Southgate has taken a chance on Marc Guehi, the young Palace centre half after an impressive 2021-2022. In the summer, the youngster was signed from cross-city rivals Chelsea and impressed Viera so much that he was promoted from the U21s right away. Guehi ranks in the top 10 of all premier league players this year for; completed passes in both his own and the opposition’s half, forward passes and possession won in the defensive third. Whether or not the Palace man gets much game time is yet to be seen but using these friendlies as a time to bed in new blood is a good decision.


This is an area that was causing Southgate some serious concern only a couple of years ago. Oh, how times have changed. The England manager now has a range of seriously talented midfielders to pick from, and those selected for this squad are unlikely to cause much controversy. The names you’d expect are there; Henderson, Mount, Bellingham, and Ward-Prowse.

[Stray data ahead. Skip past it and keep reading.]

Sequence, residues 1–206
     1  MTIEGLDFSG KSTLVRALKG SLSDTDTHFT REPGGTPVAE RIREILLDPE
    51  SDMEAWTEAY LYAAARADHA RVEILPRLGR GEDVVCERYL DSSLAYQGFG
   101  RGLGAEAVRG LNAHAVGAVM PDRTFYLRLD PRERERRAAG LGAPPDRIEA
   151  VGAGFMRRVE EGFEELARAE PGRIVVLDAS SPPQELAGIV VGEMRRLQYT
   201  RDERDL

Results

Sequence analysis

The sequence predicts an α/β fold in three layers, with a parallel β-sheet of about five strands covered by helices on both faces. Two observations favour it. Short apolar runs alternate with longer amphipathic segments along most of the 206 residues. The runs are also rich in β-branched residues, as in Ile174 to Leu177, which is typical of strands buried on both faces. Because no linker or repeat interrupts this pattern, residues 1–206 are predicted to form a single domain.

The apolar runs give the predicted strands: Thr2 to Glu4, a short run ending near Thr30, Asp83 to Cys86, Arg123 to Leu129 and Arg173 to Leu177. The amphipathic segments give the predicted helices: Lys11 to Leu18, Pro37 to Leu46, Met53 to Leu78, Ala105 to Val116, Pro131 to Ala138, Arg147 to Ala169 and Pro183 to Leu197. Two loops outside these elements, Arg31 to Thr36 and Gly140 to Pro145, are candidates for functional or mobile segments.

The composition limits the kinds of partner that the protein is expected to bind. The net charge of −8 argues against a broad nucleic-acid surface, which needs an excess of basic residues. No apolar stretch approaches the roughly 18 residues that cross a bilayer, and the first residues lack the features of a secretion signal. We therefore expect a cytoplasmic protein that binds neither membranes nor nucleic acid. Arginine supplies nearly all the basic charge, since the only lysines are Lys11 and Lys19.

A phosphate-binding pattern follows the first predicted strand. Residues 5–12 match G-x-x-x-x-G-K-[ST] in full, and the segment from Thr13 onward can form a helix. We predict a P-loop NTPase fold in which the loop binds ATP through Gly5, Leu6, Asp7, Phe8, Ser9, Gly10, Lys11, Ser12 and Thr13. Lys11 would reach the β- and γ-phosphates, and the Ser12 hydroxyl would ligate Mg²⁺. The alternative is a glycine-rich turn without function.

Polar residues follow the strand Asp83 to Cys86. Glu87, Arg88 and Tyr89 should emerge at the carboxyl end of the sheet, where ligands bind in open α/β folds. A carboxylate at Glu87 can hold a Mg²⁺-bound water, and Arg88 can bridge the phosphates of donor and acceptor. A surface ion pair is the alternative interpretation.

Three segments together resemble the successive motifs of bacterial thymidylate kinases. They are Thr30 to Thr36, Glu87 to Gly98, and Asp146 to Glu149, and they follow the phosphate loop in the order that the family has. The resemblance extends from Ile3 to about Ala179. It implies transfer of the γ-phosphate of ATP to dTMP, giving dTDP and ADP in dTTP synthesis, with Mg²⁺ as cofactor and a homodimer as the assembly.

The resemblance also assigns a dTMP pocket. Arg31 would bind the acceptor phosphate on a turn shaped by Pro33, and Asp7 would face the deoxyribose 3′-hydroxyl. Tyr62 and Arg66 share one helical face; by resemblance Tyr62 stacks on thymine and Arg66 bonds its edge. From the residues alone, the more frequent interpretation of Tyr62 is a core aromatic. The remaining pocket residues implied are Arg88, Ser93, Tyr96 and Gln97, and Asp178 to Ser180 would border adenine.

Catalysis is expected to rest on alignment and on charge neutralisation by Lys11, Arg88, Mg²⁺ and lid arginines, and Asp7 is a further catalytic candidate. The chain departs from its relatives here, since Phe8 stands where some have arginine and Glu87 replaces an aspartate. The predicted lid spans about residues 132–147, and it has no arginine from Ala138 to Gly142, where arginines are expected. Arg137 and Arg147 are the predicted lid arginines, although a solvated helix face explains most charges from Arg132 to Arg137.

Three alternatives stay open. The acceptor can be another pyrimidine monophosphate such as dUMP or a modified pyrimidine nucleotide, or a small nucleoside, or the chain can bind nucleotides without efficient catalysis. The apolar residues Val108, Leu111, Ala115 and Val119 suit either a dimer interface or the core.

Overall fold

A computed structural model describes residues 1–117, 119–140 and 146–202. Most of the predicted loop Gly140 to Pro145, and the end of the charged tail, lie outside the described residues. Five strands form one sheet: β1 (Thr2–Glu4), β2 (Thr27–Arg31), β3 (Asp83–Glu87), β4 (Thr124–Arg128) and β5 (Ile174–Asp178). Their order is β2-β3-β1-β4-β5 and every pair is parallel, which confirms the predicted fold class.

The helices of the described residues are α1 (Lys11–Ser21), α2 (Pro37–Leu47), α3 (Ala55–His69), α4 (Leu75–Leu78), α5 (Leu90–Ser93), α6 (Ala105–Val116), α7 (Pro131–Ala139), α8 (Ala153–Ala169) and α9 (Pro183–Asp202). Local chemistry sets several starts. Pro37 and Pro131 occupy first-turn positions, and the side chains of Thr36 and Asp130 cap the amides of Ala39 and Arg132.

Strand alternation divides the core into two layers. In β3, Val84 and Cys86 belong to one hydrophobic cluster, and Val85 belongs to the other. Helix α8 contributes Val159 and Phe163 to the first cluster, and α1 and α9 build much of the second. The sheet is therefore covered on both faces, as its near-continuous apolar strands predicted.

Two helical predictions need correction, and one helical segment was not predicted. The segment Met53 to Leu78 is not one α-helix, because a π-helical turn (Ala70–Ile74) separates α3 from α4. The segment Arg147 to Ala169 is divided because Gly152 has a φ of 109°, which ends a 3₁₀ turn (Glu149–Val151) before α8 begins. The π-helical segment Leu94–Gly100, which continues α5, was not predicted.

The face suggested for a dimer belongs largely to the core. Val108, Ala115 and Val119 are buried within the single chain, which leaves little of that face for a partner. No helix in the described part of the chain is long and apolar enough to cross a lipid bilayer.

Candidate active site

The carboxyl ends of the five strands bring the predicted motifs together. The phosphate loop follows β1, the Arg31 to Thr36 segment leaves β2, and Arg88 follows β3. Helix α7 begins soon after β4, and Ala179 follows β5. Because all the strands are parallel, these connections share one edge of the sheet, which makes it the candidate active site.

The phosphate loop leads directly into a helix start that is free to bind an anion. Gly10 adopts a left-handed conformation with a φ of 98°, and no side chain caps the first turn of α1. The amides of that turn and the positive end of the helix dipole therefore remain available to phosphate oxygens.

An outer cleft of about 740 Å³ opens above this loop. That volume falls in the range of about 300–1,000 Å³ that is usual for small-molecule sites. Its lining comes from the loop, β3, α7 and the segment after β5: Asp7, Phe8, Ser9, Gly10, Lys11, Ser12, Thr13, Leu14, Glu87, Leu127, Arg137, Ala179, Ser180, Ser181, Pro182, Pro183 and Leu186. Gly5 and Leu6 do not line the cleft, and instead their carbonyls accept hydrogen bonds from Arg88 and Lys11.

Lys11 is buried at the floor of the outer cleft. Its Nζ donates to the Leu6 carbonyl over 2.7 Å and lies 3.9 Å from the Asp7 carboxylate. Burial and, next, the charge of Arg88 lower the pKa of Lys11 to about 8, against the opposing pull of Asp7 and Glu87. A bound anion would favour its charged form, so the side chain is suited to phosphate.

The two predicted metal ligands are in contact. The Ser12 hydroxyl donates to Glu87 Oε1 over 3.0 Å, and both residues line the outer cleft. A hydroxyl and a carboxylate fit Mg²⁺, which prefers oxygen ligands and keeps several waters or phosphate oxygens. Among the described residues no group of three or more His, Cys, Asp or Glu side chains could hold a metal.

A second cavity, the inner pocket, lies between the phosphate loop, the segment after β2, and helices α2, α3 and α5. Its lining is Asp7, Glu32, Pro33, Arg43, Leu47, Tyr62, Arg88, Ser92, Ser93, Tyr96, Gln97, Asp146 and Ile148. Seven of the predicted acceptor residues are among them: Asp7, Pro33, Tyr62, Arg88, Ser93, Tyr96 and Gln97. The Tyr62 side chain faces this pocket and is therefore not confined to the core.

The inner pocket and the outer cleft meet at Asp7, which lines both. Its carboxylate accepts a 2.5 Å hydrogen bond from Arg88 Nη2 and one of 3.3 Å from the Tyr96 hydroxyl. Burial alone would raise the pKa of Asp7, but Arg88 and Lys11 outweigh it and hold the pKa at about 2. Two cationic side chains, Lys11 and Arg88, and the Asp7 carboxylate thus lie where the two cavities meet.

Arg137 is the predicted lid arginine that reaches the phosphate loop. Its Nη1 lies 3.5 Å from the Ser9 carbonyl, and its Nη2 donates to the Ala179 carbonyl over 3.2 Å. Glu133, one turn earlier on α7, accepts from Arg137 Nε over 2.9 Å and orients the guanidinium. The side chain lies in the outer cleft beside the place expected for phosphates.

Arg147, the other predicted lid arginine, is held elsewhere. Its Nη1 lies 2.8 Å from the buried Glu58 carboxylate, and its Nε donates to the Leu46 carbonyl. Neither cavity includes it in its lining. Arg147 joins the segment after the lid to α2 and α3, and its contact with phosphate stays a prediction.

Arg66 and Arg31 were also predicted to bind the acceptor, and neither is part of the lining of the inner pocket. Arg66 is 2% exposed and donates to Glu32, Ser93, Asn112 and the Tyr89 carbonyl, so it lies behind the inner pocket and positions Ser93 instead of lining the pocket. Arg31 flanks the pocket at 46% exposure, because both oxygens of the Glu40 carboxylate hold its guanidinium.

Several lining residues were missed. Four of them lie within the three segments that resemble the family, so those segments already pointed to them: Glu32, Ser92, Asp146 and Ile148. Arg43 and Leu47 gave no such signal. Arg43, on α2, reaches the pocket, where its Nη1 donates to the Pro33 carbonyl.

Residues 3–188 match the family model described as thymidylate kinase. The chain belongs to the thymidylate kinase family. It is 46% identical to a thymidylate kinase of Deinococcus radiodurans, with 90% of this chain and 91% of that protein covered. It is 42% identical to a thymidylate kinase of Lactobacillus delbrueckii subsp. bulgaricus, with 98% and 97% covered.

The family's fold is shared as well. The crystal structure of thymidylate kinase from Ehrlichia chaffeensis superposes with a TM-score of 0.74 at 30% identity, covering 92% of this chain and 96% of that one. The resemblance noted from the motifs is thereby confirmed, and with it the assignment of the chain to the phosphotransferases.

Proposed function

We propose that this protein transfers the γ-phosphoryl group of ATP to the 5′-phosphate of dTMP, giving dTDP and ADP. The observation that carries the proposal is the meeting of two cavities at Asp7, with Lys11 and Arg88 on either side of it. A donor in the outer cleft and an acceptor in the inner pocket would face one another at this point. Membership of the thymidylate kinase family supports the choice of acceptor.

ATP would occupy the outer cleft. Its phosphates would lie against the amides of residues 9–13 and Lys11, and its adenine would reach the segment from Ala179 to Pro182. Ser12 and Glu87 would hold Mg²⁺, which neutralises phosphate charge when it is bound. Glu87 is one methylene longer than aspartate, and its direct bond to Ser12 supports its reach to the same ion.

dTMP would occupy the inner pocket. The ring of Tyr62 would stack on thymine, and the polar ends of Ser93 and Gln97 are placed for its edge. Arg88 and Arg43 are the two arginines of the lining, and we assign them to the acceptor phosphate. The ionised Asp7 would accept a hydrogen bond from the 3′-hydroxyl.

The most inexperienced in the pack, Conor Gallagher, has well and truly announced himself to the Premier League this campaign. Following up on a respectable season on loan at West Brom last year, the Chelsea loanee has seriously kicked on under Viera this term. The high energy youngster has got 8 goals and 3 assists to his name in only 25 games this season, a significant improvement on 2 goals and assists in 30 games last year. If Gallagher can keep this form up, I expect he’ll be making a lot more squads in the future.